Simply Nerdy Mom: How Reading Kingdom Can Sharpen Your Child's Reading Skills

Monday, June 19, 2017

How Reading Kingdom Can Sharpen Your Child's Reading Skills


*Disclaimer: I received a free year of Reading Kingdom to test out and feature for you. 
#Sponsored

If you are looking for a fun, interactive way for your child to learn to read, or maybe even sharpen their reading skills, you'll want to check out Reading Kingdom. The award winning site teaches children letter sequence and sentence structure while adapting to each child's learning skill level and pace. 



We've been using Reading Kingdom with my son for almost a month now, working with him a few times a week, and at this point I think we have a pretty good feel of the site. 

First thing I want to touch on is the layout of the site. I think it's design is simple and clean, which makes it easy to navigate both for the adult and the child. They have the site broken down into parts for the child(ren), parent, and teacher. So yes, if you are a teacher, you can definitely use this in the classroom as well as at home! It's easy to use on desktops, laptops, and any mobile devices such as phones and tablets, which make it easy for on the go learning. 



When you log into the site for your student or child, you will see a progress report. Initially, when you start the program, each child will go through a placement test, just to see what skills they already posses and what needs a little work. This is where it measures how to accurately design each lesson to match the child's skill level and in a manner that will help them progress. The site will show the child the proper letters to click on and in order after a set period of time. When we first started out, it was such a short time that my son started to get very irritated. Luckily, you can go in and reset it to a longer time before the computer will step in and give a hint. 


As your child progresses through the lessons, they will earn points, which can be cashed in for sheets in your passport book. This gives them something to work towards, however, if you desire, you could go one step farther by giving physical rewards to the child per so many points earned. This is going to depend entirely on your family or classroom, of course. 



My son really enjoys this, and actually finds it fun. The animations on the site remind me of similar learning sites that cover a wider range of lessons like math, shapes, and colors. Reading Kingdom is specifically for reading and learning sentence and word structure, so you can stay focused on one thing at a time. The site suggests that you only do one lesson a day, however, my son sometimes chooses on his own to do two or three, depending on his mood. I'm perfectly okay with this! He loves to learn, and really loves to read. He's currently 4 years old, and he seems to do very well with the site. 

After your child completes the first part of the lesson on letter sequence, they will be given the option to go onto a story. For the story part of the lesson, they will give your child a sentence that doesn't make sense in it's current form, with a few similar words and punctuations. The system will ask the child to choose a specific word (for example it will ask the child to fin the word "The). Your child will then need to find that word, and then the following words and proper punctuation there after with help from the computer to complete a sentence that makes sense. My son seems to excel at this.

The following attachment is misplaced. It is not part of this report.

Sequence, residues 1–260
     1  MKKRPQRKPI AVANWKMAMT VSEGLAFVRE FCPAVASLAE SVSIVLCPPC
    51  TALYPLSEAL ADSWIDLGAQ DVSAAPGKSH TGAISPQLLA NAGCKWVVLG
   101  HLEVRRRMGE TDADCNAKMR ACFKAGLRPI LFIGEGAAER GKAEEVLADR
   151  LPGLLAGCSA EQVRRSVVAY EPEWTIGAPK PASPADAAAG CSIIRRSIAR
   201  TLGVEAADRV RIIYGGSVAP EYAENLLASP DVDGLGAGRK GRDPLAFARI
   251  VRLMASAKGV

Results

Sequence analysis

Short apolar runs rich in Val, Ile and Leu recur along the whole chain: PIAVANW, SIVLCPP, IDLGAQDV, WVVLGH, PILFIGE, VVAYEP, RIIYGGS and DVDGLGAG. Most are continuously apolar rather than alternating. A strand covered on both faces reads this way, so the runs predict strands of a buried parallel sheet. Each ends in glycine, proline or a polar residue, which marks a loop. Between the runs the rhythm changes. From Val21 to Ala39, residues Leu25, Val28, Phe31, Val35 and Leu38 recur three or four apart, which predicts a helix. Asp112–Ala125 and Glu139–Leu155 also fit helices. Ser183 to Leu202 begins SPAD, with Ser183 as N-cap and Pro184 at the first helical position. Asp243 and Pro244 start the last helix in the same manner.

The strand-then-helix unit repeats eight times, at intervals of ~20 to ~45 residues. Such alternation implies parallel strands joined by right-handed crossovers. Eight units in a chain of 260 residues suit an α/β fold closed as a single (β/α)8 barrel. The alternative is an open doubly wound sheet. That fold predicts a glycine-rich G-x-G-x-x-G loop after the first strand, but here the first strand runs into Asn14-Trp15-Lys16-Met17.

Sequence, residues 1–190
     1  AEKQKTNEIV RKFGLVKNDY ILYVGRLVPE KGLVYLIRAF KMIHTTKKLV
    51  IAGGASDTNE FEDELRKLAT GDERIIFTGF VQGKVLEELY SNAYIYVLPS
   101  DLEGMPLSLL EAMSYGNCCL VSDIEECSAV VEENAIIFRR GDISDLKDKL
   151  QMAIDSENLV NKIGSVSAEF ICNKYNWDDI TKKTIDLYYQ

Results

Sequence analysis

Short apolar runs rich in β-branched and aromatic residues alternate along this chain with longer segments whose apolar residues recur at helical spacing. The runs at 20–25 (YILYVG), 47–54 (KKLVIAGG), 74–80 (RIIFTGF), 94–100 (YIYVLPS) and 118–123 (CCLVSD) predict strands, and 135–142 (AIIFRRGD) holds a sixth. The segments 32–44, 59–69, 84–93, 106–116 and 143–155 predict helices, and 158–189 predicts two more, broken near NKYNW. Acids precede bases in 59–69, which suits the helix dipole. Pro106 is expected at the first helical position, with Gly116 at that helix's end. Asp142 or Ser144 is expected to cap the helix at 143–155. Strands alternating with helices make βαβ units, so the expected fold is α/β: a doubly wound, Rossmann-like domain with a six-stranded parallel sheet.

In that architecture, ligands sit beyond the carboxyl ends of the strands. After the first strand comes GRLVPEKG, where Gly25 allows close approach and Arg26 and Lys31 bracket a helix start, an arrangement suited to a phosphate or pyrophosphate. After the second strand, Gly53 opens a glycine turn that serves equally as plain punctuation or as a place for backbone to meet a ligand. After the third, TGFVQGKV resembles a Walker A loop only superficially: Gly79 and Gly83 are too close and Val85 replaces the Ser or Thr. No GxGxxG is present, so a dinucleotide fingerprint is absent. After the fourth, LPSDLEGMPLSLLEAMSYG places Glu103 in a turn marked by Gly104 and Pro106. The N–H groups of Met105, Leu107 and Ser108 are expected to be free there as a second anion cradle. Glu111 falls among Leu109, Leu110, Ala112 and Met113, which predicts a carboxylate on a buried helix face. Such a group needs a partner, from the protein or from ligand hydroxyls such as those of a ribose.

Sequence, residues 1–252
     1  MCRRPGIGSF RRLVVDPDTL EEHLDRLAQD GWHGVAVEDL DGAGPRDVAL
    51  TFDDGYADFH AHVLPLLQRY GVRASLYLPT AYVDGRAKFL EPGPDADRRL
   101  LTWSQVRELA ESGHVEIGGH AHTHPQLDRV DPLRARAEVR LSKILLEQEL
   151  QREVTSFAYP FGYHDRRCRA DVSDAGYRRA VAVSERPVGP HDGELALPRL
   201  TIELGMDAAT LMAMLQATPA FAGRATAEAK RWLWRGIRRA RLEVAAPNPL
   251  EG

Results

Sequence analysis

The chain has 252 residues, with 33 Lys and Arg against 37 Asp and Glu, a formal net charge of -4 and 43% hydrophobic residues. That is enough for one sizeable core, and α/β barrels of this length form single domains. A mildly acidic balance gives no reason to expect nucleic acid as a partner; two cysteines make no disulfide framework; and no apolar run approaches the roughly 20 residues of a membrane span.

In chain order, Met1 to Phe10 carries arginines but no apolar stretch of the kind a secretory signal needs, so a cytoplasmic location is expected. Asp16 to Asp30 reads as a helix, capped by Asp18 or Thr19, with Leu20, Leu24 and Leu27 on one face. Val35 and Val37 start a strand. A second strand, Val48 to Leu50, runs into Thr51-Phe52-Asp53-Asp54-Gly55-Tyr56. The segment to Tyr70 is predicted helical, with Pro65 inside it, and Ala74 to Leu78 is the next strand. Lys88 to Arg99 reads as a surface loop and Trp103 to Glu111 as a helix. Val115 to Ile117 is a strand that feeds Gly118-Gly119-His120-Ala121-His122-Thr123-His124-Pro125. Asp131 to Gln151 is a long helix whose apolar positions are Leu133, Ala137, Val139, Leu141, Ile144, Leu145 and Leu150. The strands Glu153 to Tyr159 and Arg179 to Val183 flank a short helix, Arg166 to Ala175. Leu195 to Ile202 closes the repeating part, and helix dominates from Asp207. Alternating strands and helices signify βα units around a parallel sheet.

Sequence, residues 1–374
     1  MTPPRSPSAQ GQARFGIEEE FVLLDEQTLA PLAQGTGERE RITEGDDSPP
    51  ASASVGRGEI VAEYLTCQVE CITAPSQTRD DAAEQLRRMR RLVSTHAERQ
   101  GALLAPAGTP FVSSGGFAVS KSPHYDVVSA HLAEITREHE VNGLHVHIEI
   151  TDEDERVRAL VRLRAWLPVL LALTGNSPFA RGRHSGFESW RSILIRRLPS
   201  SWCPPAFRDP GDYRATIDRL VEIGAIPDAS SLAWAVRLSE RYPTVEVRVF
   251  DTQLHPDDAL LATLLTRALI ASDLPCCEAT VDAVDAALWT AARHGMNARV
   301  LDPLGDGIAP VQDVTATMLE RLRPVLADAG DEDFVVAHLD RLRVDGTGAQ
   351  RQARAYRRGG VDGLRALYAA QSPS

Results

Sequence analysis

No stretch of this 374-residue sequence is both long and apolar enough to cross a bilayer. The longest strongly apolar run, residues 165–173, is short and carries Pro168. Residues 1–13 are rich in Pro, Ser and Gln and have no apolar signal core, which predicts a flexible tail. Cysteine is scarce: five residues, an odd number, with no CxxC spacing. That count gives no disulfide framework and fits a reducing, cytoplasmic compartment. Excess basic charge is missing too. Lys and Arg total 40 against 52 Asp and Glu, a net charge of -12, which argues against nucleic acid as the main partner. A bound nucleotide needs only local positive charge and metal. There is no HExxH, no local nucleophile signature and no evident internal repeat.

In addition to these two lessons, there are also lessons where your child is to learn how to use the keyboard to distinguish between upper and lowercase letters as well as how to type simple words, and using the shift key to change the letter or punctuation. My son isn't currently on this lesson, but I feel based on the placement test, that he will need more work in this area when the time comes. At the moment we are going in lesson order, however, you can skip ahead to lessons if you feel your child can handle it. You may also retake the placement test if you feel the system gave you lessons that weren't your child's skill level for any reason. For example, because of the way the system was initially set up to jump in and give hints after only a few seconds, I feel that changed my son's lesson plan. he knew what he needed to do, however the system's quick action did not allow him enough time to get use to the mouse and click on what he wanted. After he finished his placement test, I went back in and changed the response time for hints, but his lesson plan was already in place. So in order to give him lesson plans that are his level, he may have to take the test again. 


There is a pretty nice, and very handy key in the lesson plans so you can see which plans were skipped, completed, and not yet started. 
Each level has multiple lesson plans inside more lesson plans, so you could easily get a year or even two out of lessons for one child depending on how often you do the lessons. 


If you need to pause the lesson for any reason, you may do that, however, it only pauses for 12 minutes max, and after that 12 minutes, you will no longer be able to pause the lesson. Because of this, I would advise bathroom breaks, drinks, and meals be done before starting a lesson. Since the lessons are not that long, and only take a few minutes, it's best to do it all instead of taking a break, but as a mother of an older child on the spectrum, I can understand the need to pause for a moment if a child gets overwhelmed. 

Overall, our experience with Reading Kingdom has been great! We will continue working on it and I look forward to seeing my child's progress in the next year when he starts school.

You can try Reading Kingdom for FREE for 30 days

You can also find more lesson plans to purchase in their store, so you never run out of lessons and your child never stops learning. 

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